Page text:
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December 4, 2022

 

How Engineering is as much of an Art as it is a Science

As fall approaches, seniors at high schools begin thinking about what interests and careers they want to pursue as they chose what they are going to do once they graduate high school. For some, they find themselves at an impasse, trying to make the decision of whether they will pursue a liberal art or a more scientific path. I was one of these people; I enjoy the freedom of expression that many more artistic fields may offer: the freedom to express one’s creativity and perhaps show off a bit. But, there are problems. Depending on what branch someone follows, there may be very little structure to build on. You can be thrown into the lions, so to speak. If you are someone who can get lost without on some guiding principle, a compass, to direct your work, then often you may struggle, finding yourself sailing in completely uncharted waters more often than not. On the other hand, the pure, sterile nature of some sciences can be outright suffocating. It’s not a place that I would be able to thrive because there’s no leeway or creativity, often it feels that the answer is either a yes or a no.

Engineering is the art and the science of solving problems in the real world. Whether that be developing a more efficient pump for water to creating a revolutionary new way of generating electricity. The art half comes from creativity, it takes thinking outside the box. Problem-solving is inherently a creative process, and having a creative mind is essential if you are pushing the boundaries of what is possible and paving your own road. Taking a look at aerospace, one of the corporations who are perhaps defining the term “pushing the boundaries” is SpaceX, infamous for their capability of launching and landing an entire rocket so it can be reused. While rocket science is infamously objective, (for good reasons too), there are parts of the process that require the help of creativity that art could lend. In an interview, CEO Elon Musk says that “There is almost an art-form to it,” (Dodd) referring to the process that is used to create, modify, and enhance their technologies. Musk elaborates that, when hiring new talent to hire, the so-called hard skills, that being absolute knowledge in a field, is actually second to critical thinking and creative skills.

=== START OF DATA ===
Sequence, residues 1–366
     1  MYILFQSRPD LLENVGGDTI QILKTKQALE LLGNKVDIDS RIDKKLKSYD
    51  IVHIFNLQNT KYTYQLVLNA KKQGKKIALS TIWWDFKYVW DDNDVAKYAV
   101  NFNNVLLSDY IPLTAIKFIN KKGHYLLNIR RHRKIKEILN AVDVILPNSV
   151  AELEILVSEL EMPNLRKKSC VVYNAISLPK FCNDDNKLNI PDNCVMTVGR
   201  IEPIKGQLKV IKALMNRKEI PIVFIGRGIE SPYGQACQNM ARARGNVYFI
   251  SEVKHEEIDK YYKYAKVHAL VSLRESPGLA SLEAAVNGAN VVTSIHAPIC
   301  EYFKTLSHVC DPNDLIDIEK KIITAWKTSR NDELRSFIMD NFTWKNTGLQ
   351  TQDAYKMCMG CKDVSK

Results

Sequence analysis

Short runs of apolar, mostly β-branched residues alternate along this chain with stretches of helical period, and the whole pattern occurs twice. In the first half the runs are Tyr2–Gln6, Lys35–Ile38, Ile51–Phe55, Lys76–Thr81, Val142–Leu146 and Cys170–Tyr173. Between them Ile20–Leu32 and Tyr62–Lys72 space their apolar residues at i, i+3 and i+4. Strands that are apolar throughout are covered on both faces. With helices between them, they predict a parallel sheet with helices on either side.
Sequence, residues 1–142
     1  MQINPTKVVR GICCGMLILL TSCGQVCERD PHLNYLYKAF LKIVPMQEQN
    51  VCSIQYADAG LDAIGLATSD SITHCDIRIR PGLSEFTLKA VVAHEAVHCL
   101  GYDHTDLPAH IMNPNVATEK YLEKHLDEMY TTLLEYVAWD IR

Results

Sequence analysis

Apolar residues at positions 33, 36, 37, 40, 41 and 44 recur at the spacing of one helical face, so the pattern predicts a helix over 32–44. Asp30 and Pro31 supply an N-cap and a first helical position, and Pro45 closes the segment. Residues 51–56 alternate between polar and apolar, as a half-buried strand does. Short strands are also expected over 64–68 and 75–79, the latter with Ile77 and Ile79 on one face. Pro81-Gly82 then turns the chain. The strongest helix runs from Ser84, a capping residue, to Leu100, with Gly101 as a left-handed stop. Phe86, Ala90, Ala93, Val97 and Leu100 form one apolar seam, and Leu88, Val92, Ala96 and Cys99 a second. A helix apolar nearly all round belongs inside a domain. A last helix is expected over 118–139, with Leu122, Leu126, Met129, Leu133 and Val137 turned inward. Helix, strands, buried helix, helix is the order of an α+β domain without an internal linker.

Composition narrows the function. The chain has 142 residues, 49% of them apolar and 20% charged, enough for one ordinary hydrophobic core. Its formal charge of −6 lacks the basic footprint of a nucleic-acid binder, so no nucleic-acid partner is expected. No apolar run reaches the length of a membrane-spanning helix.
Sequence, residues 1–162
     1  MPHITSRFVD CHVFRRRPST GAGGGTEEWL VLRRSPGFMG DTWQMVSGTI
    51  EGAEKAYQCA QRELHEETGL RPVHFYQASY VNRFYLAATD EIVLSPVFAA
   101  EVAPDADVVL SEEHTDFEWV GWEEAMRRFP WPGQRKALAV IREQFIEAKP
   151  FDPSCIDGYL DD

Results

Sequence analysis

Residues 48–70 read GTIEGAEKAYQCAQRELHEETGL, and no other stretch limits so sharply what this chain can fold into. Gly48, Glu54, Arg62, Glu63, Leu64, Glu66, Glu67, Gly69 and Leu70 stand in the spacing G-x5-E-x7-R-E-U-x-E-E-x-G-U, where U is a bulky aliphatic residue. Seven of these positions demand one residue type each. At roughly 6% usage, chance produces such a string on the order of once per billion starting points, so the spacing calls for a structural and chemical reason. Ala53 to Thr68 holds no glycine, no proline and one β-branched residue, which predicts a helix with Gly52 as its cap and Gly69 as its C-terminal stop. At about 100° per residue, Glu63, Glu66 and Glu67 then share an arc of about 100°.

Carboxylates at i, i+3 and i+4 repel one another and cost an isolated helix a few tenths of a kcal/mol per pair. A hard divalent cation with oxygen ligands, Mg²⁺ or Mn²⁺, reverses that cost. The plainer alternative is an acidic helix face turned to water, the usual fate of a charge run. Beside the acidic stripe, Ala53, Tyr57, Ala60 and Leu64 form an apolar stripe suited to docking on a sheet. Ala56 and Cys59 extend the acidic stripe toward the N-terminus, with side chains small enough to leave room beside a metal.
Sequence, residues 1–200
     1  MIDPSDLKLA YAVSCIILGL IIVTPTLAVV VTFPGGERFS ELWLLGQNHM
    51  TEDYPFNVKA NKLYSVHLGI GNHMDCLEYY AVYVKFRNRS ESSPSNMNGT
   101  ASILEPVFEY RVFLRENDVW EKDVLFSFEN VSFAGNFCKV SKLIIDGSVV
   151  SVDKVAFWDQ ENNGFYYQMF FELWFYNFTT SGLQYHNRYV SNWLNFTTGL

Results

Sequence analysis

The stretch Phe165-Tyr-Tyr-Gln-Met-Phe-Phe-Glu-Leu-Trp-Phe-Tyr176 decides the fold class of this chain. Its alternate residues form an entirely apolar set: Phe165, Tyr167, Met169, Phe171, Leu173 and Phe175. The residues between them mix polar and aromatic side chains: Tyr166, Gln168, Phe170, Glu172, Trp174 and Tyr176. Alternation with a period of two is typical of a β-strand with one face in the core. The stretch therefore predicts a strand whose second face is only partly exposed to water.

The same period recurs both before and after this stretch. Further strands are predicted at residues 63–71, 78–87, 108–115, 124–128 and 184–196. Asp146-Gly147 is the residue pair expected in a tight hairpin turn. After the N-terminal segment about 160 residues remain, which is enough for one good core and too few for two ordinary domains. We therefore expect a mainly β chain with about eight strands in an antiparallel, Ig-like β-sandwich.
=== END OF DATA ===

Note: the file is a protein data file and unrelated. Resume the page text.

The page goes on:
An interesting argument against the collision of science and art primarily has to do with the goals of the two subjects. Julio M. Ottino, Dean at the McCormick School of Engineering, says that “Technology is about invention; science is about discovery. Art need not be driven by a purpose” (Ottino). According to Ottino, the goals of the fields do not intersect, with art being aimless wandering in some regard, perhaps purposeless. I have to disagree with them; modern engineering is the direct result of the collision of art and science, and cannot exist without either. I still believe that engineering is a lot more subjective than Ottino claims. Still, Ottino goes on to say that “At a high level of abstraction the differences between artists, scientists, and engineers blur. [They all have] the ability to enjoy the process of creation for its own sake.” Despite the massive differences between the fields of work goals, Ottino notes that this trait of the desire to create supersedes the lines drawn between.